7 Ways to Reduce the Stresses of Single Parenting

single parentSingle parenting can be challenging. You were in a committed relationship that you hoped would last a lifetime, but for whatever reason the dynamics are no longer the same. Whether your partner has passed away or you’ve decided to part ways, making the adjustment from a two parent household to one is difficult for you and your children. Reducing the stress, taking care of your health, and ultimately being the foundation your kids need is the only way to get through it.

Chronic Stress = Deteriorating Health and/or Addiction

As moms, we tend to wear the superwoman cape at all times. We don’t want to allow our children to see us feeling “less than ourselves”. However, as human beings, we are ultimately grieving the loss of a relationship – and this takes time. Allowing stress to pile up without resolve can lead to chronic levels of stress. Chronic stress can ultimately lead to deteriorating health including body aches, pains, lack of focus, and more.

Many women try to cope by masking the pain with a drink of wine here and there. Unfortunately, this can lead to dependency on alcohol to cope which can quickly start a vicious cycle of addiction. If you’ve reached the point that you’re relying on substances to make it through those rough days it is important that you seek rehab for women. They can assist you in detoxing and also give you key tools that will be monumental in helping you to get past this loss and back to being the rock your kids need you to be.

Minimizing Stress Before it Takes Over

So now that you know the extremities of where stress can lead, let’s look at some ways that you can minimize the stress in your life so that you can heal from the loss of a relationship and rebuild a foundation that your kids can depend on:

  1. Get Professional Help – Even if you haven’t reached the point of dependency or addiction too much stress can make being a mother a lot harder. It is beneficial to seek professional help from the likes of a therapist who specializes in family therapy. They can not only help you cope with the changes to your family dynamics but can also give you tools to help the children as well.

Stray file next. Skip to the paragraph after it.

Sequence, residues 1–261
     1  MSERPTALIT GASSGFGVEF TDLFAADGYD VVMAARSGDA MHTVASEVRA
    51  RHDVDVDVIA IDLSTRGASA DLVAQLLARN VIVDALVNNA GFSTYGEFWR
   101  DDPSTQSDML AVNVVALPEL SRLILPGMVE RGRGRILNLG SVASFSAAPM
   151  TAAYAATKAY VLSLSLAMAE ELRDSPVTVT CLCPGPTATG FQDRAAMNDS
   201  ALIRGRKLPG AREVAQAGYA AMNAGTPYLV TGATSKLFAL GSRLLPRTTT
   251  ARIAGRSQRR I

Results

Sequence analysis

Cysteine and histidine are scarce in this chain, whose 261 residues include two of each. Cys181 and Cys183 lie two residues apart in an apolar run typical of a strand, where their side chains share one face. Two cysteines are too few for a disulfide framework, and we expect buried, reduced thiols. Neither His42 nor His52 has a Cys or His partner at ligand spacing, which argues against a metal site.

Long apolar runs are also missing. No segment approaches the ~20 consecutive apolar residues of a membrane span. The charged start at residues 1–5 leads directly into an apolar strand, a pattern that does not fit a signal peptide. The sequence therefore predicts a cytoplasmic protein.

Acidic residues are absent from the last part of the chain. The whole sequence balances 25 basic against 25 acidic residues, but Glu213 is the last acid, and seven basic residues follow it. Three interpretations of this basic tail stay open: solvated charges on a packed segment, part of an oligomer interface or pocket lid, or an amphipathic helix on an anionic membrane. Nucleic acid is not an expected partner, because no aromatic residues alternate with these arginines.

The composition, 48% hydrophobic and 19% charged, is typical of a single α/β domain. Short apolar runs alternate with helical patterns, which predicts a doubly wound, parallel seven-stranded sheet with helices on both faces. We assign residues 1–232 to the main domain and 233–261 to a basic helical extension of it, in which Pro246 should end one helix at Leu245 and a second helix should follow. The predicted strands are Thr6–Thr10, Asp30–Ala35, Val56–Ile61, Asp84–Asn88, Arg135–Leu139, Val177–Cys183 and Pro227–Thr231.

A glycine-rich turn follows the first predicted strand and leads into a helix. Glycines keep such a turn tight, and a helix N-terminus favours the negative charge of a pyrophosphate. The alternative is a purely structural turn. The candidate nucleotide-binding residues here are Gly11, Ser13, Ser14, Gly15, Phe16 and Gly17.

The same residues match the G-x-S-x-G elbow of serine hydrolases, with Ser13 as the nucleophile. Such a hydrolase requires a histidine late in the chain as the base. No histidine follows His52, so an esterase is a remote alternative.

2. Get Support – Trust that you are not the only mother who has been left with the responsibility to raise her children alone (and unfortunately you won’t be the last). It is important that you seek the support of others to get you through some of the trying times you’ll have as a newly single parent. They have support groups in local communities as well as online that you can draw inspiration from as well as get advice.
  3. Rely on Your Village – Your “village” as I like to call it would be friends, family members, and other supporters that are willing to pitch in and help you raise the children. Reach out to them and let them know when and how you’ll need their help. Whether it’s keeping the kids for a while as you deal with your emotions or helping with school activities and transportation, sometimes asking is all you have to do to get the help you need.
  4. Talk to Your Kids Early Only – as difficult as it may be to explain to your children the changes in family dynamics it is imperative that they hear it from you. Your children will also grieve the loss and may even begin to think that it’s their fault. Therefore, talking to them and reassuring them that you and their other parent love them just the same is important for the healing.
  5. Stay Positive – If the relationship ended badly or your partner has passed away it can be pretty easy to get caught up in the negative or emotional side of things. For your mental sanity and the sake of your children, it is important to try and focus on the positive.
  6. Take Care of You – This point can’t be stressed enough. You are no good to your children if you don’t first take care of yourself. Make sure that you’re making healthier lifestyle choices such as getting enough food each day, exercising, and lastly get enough rest.
  7. Talk to Someone About Your Finances – Aside from adjusting schedules and helping your kids to cope with the changes, finances will likely be one of the biggest stressors of being a single parent. Talk with a financial advisor about your finances to determine how you can ultimately raise your kids on a single income.

There are very few people that “sign up” to become single parents. The change in family dynamics can really take a toll on you and your children. While you might be used to sweeping things under the rug and rolling with the punches, taking on too much emotional stress can lead to a decrease in your health and ultimately the impaired healing of your children. Try as best you can to minimize the stress with these tips above and one day at a time you’ll start to adjust to the new normal.